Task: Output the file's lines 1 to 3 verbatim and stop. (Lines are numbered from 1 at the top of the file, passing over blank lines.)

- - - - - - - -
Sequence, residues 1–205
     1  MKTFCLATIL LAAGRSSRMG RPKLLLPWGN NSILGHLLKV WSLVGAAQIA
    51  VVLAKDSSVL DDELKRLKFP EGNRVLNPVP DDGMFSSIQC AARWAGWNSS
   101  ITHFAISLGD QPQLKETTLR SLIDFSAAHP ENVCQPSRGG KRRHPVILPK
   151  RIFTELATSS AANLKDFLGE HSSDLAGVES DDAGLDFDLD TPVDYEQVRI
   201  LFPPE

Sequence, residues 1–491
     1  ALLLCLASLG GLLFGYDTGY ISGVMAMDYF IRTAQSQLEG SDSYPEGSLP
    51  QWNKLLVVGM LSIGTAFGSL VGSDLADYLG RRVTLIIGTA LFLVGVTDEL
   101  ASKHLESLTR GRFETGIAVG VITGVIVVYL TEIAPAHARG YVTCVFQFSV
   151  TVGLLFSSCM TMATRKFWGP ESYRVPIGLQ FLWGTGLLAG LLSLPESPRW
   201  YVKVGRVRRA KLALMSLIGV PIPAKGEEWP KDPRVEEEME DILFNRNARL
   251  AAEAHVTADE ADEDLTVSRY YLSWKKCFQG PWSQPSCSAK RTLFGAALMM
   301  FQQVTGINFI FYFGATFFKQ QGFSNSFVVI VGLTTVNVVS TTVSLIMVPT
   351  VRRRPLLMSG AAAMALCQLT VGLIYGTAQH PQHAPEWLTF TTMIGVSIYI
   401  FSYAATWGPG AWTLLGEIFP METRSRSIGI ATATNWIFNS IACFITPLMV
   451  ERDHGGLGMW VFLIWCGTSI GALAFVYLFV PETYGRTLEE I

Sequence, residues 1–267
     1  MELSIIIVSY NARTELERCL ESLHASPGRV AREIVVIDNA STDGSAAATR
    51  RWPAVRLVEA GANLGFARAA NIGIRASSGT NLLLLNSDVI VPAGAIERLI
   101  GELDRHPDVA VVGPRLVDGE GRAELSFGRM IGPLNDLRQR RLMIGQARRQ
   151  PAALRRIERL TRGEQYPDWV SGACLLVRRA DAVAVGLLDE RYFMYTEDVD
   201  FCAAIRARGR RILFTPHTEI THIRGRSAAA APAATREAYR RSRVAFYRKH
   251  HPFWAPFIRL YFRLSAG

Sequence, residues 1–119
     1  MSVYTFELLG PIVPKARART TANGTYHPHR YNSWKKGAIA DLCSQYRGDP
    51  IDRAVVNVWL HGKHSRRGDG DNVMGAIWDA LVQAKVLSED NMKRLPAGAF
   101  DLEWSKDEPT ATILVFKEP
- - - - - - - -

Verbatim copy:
Sequence, residues 1–205
     1  MKTFCLATIL LAAGRSSRMG RPKLLLPWGN NSILGHLLKV WSLVGAAQIA
    51  VVLAKDSSVL DDELKRLKFP EGNRVLNPVP DDGMFSSIQC AARWAGWNSS